• Emissions of N2OIndirect(L)–N = annual indirect amount of N2O–N emissions produced from leaching and runoff of N additions to managed soils in regions where leaching/runoff occurs, kg N2O–N yr-1
  • FSN = annual amount of synthetic fertilizer N applied to soils in regions where leaching/runoff occurs, kg N yr-1
  • FON = annual amount of managed animal manure, compost, sewage sludge and other organic N additions applied to soils in regions where leaching/runoff occurs, kg N yr-1
  • FPRP = annual amount of urine and dung N deposited by grazing animals in regions where leaching/runoff occurs, kg N yr-1
  • FCR = amount of N in crop residues (above- and below-ground), including N-fixing crops, and from forage/pasture renewal, returned to soils annually in regions where leaching/runoff occurs, kg N yr-1
  • FSOM = annual amount of N mineralized in mineral soils associated with loss of soil C from soil organic matter as a result of changes to land use or management in regions where leaching/runoff occurs, kg N yr-1
  • FRACLEACH-(H) = fraction of all N added to/mineralized in managed soils in regions where leaching/runoff occurs that is lost through leaching and runoff, kg N (kg of N additions)-1
  • EF5 = emission factor for N2O emissions from N leaching and runoff, kg N2O–N (kg N leached and runoff)-1

Default values for FRACGASF, FRACGASM, FRACLEACH-(H), EF4 and EF4 are provided in Chapter 11 Table 11.3 of the 2019 Refinement to the 2006 IPCC Guidelines for National Greenhouse Gas Inventories.

Equations for estimating indirect N2O emissions make use of the same activity data as those for direct N2O emissions, with the additional requirement of identifying soils where runoff and leaching likely occur.

Conversion of N2O–N emissions to N2O emissions

For reporting purposes, the conversion of N2O–N emissions to N2O emissions is performed by using the following equation:

CO2 emissions from liming

Liming is the application of a calcium-containing inorganic material used to reduce soil acidity and improve plant growth in agricultural systems. Common compounds used to reduce acidity include lime (e.g., calcium carbonate (CaCO3), or dolomite (CaMg(CO3)2). Both of these products are carbonates, which lead to CO2 emissions as the carbonate dissolves and releases bicarbonate (2HCO3), which evolves into CO2 and water (H2O).

 

  • CO2–C emissions = annual C emissions from lime application, tons C yr-1
  • M = annual amount of calcium carbonate (CaCO3) or dolomite (CaMg(CO3)2), tonnes yr-1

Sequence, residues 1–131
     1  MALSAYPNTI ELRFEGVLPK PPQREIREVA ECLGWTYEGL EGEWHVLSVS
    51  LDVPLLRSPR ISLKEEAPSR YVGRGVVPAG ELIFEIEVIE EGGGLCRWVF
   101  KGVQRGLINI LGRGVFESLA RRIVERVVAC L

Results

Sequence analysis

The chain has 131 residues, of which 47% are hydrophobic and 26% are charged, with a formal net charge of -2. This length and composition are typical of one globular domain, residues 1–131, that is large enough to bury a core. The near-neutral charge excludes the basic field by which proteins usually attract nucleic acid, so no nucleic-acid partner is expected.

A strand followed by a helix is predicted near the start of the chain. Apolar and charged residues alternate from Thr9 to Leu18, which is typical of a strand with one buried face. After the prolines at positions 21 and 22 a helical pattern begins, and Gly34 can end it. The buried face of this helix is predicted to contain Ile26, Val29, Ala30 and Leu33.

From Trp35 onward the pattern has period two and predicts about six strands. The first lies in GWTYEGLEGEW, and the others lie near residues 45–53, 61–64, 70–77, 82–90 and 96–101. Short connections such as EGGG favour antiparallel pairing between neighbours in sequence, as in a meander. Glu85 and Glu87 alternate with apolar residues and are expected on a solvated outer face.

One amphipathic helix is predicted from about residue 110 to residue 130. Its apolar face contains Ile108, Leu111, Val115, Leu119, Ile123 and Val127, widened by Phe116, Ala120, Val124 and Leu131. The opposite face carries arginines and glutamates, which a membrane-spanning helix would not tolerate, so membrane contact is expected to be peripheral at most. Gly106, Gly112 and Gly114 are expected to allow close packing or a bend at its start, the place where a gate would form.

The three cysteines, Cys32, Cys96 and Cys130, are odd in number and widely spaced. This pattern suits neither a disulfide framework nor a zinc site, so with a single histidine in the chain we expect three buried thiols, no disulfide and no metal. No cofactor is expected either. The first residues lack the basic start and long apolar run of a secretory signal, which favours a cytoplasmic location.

• EF = emission factor, ton of C (e.g. calcium limestone or dolomite) -1

Default emission factors (EF) are 0.12 for limestone and 0.13 for dolomite (IPCC, 2006; Chapter 11.3).

Therefore, the only activity data required are the amounts of calcium carbonate or dolomite applied annually to soils in the country or area under consideration.

CO2 emissions from urea fertilization

Besides emissions of N2O, adding urea fertilizer to soils also releases CO2 that was fixed during the production of the urea product. Urea (CO(NH2)2) is converted into ammonium (NH4+), hydroxyl ion (OH), and bicarbonate (HCO3), in the presence of water and urease enzymes. Similar to the soil reaction following the addition of lime, bicarbonate that is formed evolves into CO2 and water.

As with liming, the only activity data required is the amount of urea applied annually to soils in the country or area under consideration. Default emission factors (EF) are 0.20 for urea (IPCC, 2006; Chapter 11.4).

Conversion of CO2–C emissions to CO2 emissions

For reporting purposes, the conversion of CO2–C emissions to CO2 emissions is performed by using the following equation:

Tier 2

Direct N2O emissions

The Tier 2 methodology for estimating direct N2O emissions is identical to Tier 1, but a Tier 2 approach should use country-specific emission factors and disaggregate the N inputs according to different types and conditions under which they are used. For example, rather than using a single estimate of synthetic N fertilizer used in the country, a Tier 2 approach might divide the country into zones according to soil types and climate, estimate the N applied to cropland in each zone, and sum the emissions from each zone. This requires similarly disaggregated emission factors.

Indirect N2O emissions from volatilization and leaching

As with direct N2O emissions, the methodology is identical to Tier 1, with disaggregation by climate or soil conditions.

CO2 emissions from liming

The Tier 2 approach for estimating CO2 emissions from liming uses country-specific emissions factors, but the activity data are identical to Tier 1.

CO2 emissions from urea fertilization

The Tier 2 approach for estimating CO2 emissions from urea fertilization uses country-specific emissions factors, but the activity data are identical to Tier 1.


Methods and sources of activity data

Methods and sources of emission factors

Several recent meta-analyses have developed new empirical models to estimate N2O emissions from soils.